IBM has unveiled a new set of computer chips that could emulate processes of the human brain.
The ‘cognitive computers’ built with these chips are designed to replicate the brain’s abilities for perception, action and cognition- meaning that they can “learn through experiences, find correlations, create hypotheses, and remember – and learn from – the outcomes,” IBM say.
The jump in microprocessor sophistication is still in the experimental stages but could develop computer systems to understand human behavior as well as record environmental measurements and issue disaster warnings ahead of time.
IBM says that the retail industry could also benefit from the research as chips integrated into instrumented gloves could “monitor sights, smells, texture and temperature to flag bad or contaminated produce”.
“These chips are another significant step in the evolution of computers from calculators to learning systems, signaling the beginning of a new generation of computers and their applications in business, science and government,” said IBM Research project leader, Dharmendra Modha.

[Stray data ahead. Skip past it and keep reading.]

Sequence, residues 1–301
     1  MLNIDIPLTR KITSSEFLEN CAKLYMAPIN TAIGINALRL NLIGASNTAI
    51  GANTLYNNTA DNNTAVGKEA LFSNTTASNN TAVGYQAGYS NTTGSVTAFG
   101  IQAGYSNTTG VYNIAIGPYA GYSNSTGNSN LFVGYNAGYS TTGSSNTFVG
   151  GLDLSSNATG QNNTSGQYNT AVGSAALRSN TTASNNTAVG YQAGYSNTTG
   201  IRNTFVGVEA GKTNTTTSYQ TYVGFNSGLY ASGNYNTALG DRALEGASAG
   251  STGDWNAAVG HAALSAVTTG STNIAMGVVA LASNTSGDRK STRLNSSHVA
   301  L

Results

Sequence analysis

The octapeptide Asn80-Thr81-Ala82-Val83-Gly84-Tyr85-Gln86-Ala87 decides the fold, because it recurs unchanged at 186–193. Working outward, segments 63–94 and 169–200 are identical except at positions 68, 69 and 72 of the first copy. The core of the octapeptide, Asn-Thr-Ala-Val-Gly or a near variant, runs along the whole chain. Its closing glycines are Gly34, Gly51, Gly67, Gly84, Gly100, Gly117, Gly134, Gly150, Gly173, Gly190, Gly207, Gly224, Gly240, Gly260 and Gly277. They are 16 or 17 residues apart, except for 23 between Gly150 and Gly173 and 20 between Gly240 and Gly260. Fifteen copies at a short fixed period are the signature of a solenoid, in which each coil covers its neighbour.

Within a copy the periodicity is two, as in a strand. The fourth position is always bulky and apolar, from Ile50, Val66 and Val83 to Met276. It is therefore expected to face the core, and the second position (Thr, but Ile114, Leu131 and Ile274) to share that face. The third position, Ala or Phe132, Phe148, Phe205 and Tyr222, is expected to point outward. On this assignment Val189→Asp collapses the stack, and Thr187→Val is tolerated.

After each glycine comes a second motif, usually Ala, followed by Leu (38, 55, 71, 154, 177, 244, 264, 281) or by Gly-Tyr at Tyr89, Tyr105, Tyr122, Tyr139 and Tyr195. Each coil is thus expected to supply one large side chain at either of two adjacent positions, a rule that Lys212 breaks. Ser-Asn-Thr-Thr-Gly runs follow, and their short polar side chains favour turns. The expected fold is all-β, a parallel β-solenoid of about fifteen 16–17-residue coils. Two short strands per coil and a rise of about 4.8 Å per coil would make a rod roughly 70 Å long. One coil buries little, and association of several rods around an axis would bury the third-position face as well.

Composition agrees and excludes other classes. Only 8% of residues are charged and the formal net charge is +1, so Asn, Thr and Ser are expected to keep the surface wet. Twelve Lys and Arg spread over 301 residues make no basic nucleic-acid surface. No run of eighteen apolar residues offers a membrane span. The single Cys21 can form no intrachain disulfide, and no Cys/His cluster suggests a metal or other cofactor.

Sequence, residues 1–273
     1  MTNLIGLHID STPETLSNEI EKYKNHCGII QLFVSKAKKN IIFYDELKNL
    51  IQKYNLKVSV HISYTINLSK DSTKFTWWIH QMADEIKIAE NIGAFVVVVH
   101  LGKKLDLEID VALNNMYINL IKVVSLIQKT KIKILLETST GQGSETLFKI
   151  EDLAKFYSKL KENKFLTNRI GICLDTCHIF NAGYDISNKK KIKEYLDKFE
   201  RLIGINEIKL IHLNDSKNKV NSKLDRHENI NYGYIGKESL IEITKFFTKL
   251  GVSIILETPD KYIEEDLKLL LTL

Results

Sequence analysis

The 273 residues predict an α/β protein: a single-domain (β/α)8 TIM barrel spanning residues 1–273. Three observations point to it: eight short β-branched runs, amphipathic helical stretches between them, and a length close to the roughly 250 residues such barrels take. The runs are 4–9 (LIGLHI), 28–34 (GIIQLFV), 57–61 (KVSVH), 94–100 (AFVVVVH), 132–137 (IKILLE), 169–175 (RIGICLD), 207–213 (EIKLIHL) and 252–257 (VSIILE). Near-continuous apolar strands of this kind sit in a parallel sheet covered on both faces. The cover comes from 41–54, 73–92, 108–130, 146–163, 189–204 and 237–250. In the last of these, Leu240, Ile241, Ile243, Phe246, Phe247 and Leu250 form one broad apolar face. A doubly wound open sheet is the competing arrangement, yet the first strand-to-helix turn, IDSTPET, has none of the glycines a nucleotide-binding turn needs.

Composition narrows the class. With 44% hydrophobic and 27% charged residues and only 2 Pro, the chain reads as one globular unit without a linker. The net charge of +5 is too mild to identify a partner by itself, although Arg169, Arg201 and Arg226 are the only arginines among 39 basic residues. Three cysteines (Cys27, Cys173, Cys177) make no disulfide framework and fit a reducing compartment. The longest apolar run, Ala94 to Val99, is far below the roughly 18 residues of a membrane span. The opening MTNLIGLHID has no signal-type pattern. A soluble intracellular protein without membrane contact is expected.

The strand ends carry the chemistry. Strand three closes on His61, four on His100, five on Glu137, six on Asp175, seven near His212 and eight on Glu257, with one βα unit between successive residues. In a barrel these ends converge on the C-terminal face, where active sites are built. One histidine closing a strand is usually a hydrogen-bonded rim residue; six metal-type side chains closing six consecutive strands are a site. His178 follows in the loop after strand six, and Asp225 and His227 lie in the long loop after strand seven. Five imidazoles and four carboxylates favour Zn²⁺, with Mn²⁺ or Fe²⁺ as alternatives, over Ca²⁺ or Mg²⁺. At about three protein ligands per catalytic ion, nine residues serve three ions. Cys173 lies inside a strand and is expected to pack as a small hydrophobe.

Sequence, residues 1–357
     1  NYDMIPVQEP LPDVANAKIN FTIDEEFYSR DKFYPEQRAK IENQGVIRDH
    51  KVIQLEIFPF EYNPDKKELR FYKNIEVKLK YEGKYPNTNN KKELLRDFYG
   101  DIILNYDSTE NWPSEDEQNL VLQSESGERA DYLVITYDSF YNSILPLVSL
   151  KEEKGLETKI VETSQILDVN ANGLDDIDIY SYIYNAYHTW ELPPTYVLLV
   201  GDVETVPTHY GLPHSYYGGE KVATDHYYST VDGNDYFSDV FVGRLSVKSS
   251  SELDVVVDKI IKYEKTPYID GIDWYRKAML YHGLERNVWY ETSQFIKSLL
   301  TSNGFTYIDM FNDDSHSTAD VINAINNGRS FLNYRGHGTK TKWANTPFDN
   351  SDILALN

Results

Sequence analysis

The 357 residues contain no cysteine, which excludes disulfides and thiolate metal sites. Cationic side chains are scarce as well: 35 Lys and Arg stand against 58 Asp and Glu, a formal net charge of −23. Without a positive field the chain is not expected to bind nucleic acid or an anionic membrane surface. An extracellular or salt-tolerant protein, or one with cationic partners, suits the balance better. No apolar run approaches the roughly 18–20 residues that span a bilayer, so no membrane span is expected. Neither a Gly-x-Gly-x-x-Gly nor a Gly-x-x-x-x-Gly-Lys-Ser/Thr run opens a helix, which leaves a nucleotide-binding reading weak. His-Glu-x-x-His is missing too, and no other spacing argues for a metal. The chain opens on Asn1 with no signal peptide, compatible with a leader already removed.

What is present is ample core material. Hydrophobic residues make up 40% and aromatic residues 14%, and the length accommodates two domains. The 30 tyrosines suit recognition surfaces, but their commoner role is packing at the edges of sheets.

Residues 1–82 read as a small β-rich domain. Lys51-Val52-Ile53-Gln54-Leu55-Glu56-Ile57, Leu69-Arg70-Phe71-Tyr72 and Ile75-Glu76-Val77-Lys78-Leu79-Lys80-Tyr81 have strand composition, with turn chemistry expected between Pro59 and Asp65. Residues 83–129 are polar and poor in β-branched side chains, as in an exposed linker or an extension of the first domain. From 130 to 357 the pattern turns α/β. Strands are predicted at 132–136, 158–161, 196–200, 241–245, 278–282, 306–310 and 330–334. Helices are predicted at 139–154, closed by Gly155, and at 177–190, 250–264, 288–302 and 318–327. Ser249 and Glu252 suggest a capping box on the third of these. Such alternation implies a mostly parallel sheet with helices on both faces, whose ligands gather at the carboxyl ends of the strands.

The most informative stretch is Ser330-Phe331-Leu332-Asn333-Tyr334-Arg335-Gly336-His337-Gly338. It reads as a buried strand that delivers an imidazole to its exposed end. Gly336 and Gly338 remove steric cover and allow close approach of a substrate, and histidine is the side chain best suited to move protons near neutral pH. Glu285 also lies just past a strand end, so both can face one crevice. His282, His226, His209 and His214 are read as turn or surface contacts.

“Imagine traffic lights that can integrate sights, sounds and smells and flag unsafe intersections before disaster happens or imagine cognitive co-processors that turn servers, laptops, tablets, and phones into machines that can interact better with their environments,” he added.
IBM and its academic partners have been given a $21m (£12.7m) grant by the US Defense Advanced Research Projects Agency (DARPA) to further develop the generation of chips currently being tested in New York and California.